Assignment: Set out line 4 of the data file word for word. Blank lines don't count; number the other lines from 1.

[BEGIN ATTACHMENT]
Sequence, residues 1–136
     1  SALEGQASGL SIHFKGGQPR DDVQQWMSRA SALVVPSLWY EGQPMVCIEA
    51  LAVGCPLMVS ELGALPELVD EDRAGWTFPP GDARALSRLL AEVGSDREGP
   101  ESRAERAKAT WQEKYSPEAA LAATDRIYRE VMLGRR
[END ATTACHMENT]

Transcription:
   101  ESRAERAKAT WQEKYSPEAA LAATDRIYRE VMLGRR